8. What instinct! From pg. 166-167 of Pollington’s Leechcraft:“Wolfsbane see Thung, Aconite. This is a powerful poison which causes severe restriction of breathing, giddiness, numbness and reduced heart rate. If not treated, its effects can prove fatal. Its name comes from its use to poison meat left as bait for wolves.” Pollington on Aconite: “Aconite see Thung: Aconite (known as Monkshood or Blue Rocket) is known to have been collected for use both fresh and dried (mainly the root) for many centuries and is now used in very dilute form as a pain-killer. However, it is such a fierce and deadly poison that it is unlikely to have been used so successfully in ancient times. Under the name Wolfsbane it formed a poisonous bait for wolves. Aconite is also believed to have been an ingredient in witches ‘flying ointment’, a potent blend of stimulants and narcotics that may have induced ‘out-of-body’ experiences. Monkshood (aconitum anglicum) is peculiar to the British Isles, confined in the wild to the western counties.” p. 95-95.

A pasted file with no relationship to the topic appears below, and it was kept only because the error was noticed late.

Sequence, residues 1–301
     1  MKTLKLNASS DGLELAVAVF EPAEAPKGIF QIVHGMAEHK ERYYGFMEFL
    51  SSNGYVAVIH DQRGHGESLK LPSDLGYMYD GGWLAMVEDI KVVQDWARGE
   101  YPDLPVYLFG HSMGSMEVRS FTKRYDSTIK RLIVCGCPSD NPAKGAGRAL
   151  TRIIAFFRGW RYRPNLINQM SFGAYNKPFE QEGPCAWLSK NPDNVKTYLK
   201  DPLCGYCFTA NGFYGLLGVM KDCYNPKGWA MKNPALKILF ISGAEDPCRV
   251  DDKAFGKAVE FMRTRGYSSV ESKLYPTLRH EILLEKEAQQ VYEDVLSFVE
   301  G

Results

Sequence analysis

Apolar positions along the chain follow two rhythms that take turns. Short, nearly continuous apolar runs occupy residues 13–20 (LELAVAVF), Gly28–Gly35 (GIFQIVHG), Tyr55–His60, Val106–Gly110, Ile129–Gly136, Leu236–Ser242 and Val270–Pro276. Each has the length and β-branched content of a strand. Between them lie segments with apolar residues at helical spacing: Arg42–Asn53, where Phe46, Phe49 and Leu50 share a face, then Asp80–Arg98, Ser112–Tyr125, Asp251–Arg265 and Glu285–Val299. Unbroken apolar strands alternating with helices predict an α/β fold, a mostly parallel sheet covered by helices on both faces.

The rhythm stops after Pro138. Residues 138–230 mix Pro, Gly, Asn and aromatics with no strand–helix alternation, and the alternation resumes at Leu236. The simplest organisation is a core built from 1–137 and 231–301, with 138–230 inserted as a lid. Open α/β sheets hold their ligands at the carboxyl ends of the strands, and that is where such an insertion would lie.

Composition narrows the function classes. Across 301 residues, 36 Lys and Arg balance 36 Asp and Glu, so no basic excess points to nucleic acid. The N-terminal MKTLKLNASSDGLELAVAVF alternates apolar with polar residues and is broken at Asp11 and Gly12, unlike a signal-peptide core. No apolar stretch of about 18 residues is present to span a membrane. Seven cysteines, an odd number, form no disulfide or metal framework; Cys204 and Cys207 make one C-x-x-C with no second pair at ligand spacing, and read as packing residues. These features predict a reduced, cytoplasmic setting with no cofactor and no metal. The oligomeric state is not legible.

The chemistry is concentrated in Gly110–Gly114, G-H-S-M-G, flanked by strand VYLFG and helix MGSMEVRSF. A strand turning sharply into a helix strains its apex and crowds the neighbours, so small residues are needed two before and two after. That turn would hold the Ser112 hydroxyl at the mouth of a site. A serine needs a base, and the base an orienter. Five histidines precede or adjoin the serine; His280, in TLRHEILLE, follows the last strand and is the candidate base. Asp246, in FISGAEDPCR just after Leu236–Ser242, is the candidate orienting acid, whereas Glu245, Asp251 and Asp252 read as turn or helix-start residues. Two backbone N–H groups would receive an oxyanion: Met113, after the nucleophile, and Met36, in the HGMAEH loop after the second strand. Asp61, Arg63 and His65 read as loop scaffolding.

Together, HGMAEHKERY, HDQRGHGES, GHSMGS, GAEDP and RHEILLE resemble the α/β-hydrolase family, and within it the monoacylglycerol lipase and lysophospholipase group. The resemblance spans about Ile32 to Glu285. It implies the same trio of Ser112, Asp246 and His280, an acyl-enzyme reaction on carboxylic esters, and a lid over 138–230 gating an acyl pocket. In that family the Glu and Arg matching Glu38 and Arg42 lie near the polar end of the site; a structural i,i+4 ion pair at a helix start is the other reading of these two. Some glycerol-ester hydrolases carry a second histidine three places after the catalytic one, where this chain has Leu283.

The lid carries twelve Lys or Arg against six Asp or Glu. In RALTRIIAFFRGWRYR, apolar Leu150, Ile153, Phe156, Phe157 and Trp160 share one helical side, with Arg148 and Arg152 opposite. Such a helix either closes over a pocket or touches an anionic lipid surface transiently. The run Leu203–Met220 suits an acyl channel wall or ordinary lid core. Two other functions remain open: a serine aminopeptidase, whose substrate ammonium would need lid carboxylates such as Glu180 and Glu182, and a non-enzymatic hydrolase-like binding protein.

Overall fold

9. >Blue Rocketthat sings, but even it dates no earlier than the 1500s [as name for a plant, of course; as label for a device, 1600s]. your struggle, tho', puts me in mind of gene wolfe's solution to describing things, in english, in a future setting so distant that the name 'english' isn't even a memory: throughout the book of the new sun novels, he uses latinate labels that we know are placeholders. 'ascians' for residents of the equator, 'destrier' for the mounts [which, almost assuredly, are /not/ horses], and so on. seems to me the balance you seek is a similar one, as the words you'll attribute to hild and co. won't be what would've exited their mouths, but rather an approximation, yes?